I walked through a short hallway to the living room in Mag’s apartment. He was sitting on a fluffy white couch next to Ylissa. “Have a seat, Elliot,” he said. “We need to talk.”
I took a seat in a larger plush chair that made me feel like I was still wrapped up in the towel. I was shaking slightly, and my head hurt, but nothing was blurry anymore.
“I’m sorry,” Ylissa said. “I–I never realized this whole thing would affect you so much.” She shut her eyes tightly and for a moment I thought it looked like she’d been crying.
“Ylissa helped me find you,” Mag said. “The council’s been growing suspicious without any news surrounding Gus’s whereabouts, and they asked Ylissa to look at it again. They compiled some research from the authorities, and let her use that as a starting point.”
“Your paths crossed,” Ylissa said, looking at me and swallowing, “and then his trail went blank but yours lit up.” She shook her head. “All his classes, Elliot, you went to all his classes?” She raised her hands, but then lowered them with a sigh. “You practically became him–and then I saw you in the snow, in the river. What were you trying to do?”
I looked away from her and my eyes ended up on Mag. His face was screwed up and his eyes were watery. “Were you trying to kill yourself, Elliot? You–you could’ve just talked to me, I’d have helped you.”
I looked down and pressed my teeth together. “I was just trying to move the water,” I said, waving my hand to show them what I meant. “I wasn’t thinking.”
Ylissa stood up abruptly. “Well, Elliot, try thinking for a change. Maybe it’ll do you an ounce of good.” She was shaking, her hands clenched even tighter than before. “And if you ever, ever do that again–well, don’t come crying to me for any hormones of mercy!” She practically screeched in anger and then stomped off toward the kitchen.
I kept staring at the empty space where Ylissa had been a moment before.
What was that all about?
Finally I looked back at Mag. “I really wasn’t trying to…you know…”
He smiled and wiped his eyes. “I believe you, man, but come on, that wasn’t smart.”
“I know,” I said sheepishly and scratched my head as I looked away. “I, um, I don’t really know what day it is.”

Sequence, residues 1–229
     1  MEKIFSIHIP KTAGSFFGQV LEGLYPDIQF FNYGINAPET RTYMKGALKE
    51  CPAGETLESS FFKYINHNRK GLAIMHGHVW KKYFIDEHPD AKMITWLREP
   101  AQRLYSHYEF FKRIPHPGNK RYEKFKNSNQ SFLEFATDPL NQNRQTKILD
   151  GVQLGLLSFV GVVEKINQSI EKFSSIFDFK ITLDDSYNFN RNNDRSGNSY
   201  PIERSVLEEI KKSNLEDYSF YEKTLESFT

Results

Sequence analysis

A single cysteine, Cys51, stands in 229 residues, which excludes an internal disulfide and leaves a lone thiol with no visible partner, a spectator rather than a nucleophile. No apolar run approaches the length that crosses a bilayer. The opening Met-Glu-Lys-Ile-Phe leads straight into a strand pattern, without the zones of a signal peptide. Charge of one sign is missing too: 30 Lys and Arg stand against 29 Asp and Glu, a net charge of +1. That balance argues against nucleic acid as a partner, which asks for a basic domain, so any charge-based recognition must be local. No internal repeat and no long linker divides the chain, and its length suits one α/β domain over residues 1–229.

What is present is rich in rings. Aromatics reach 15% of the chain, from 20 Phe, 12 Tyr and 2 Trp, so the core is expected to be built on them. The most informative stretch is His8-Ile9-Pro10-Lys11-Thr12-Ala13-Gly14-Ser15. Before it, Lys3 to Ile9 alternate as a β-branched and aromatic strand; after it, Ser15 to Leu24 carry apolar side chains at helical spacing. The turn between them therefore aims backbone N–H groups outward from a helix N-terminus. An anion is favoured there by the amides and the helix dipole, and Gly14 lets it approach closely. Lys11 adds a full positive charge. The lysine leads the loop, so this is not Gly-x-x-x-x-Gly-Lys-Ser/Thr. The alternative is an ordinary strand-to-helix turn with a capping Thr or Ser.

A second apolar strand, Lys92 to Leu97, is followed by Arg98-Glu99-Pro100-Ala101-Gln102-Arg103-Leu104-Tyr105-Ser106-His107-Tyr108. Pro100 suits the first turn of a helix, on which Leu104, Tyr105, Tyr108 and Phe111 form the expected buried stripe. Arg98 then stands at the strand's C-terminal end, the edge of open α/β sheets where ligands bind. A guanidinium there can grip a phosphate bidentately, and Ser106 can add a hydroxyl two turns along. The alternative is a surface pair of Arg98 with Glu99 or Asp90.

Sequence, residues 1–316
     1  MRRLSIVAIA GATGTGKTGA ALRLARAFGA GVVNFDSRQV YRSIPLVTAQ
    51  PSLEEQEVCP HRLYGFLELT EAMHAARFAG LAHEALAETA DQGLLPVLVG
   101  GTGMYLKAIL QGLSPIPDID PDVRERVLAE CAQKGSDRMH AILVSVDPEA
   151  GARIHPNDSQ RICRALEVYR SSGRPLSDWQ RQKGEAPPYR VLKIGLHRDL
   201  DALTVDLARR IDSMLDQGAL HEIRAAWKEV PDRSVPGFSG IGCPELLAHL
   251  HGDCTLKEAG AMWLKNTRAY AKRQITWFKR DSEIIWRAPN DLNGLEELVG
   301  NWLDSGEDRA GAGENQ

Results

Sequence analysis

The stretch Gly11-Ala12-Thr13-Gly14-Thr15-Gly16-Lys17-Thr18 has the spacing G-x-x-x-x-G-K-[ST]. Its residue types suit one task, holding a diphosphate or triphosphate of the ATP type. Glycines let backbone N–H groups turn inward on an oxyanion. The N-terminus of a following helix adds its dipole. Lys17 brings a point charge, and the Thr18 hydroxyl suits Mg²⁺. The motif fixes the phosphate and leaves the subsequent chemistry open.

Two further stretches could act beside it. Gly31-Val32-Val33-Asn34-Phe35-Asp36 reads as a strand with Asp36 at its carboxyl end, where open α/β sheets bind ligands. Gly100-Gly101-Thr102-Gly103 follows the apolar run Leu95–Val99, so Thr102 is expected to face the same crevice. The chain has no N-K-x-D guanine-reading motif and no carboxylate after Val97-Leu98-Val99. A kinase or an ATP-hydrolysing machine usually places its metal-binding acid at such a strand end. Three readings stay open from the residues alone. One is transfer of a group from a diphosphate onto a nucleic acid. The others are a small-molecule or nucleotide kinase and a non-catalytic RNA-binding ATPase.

Mag laughed, but it was a bitter, harsh sound.
“Why don’t you stay here for a few days and I can help you get things back in order, maybe figure out which classes you can still pass?”
I looked up at him and smiled, but I really didn’t know what to say. After a few moments, I looked over the back of the chair and toward the small galley kitchen at the back of the apartment. “I guess I should go, um, tell her sorry or something?”
“You definitely need to do something,” Mag said. “I don’t think I’ve ever seen Ylissa this shaken up before.”
“Are they adding her to the council?” I asked.
“I don’t think so,” Mag said and shrugged. “Pace said he’ll be around another year, and Mikaela doesn’t seem too content to be replaced. Honestly, I think Stop Motion just wanted her in their favor. She’s got some pretty strong skills that no one else has, you know?”
“I know,” I said. I looked back at the kitchen. “Do you think she likes me?”
Mag snorted. “You two have had a love-hate thing going on for years. But I wouldn’t rule it out completely.”
“Well,” I said and stood up, “if that wasn’t suicide, this might be.” Mag didn’t laugh and I looked over at him. “Too soon I guess?”
He nodded and I frowned, but started moving back to the kitchen. “Hey, Ylissa,” I called, tying to think back to the jokes we’d used to tell–jokes that for some reason always involved me calling her a cat and poking fun at that. “Come to get some milk?” I laughed, hoping to lighten the mood before I had to face her. “Moo, moo, goes the–Ylissa!”
She was on her back on the kitchen floor, the rosary beads scattered across the room, convulsing, hands twitching, eyes jolting back and forth and all around in every direction.
“Mag,” I yelled, as I dropped to my knees, and he was there already next to me. “Ylissa,” I said and tried to hold her down. “Ylissa, can you hear me?”
I looked up at Mag. “I don’t think she’s controlling this anymore.”
“She isn’t,” Mag said, pushing his arm against me so I knew to move out of his way.
“Pray this works,” he said, and placed one hand on her head and one around her chest. Strange, ethereal light began pulsing through his fingers, at his nails, and then Ylissa began gasping, her hands clutching at the floor for her beads–I grabbed them and placed them in her hand, and as soon as she closed her fingers around them, she calmed down, her legs no longer shaking, her back falling from its arch until she was limp on the ground.
“Ylissa,” Mag said softly, moving his hands away from her, “Ylissa, are you alright?”
Her breathing was heavy still and she only nodded. Mag reached under her and helped her up, leaning her against the fridge. Her eyes were lidded, blinking slowly, and she grabbed the beads in both hands, her fingers shaking she held them so tightly.
“Ylissa,” Mag said quietly, his face pressed close to her, “can you tell me what you saw? Do you remember?”
She swallowed and opened her eyes, nodding so slightly maybe she was still shaking and I couldn’t tell the difference.
“I saw him,” she said quietly. “I saw Gus. He was there. In the biology department. That’s where they met.”
NEXT PART: Metamorphic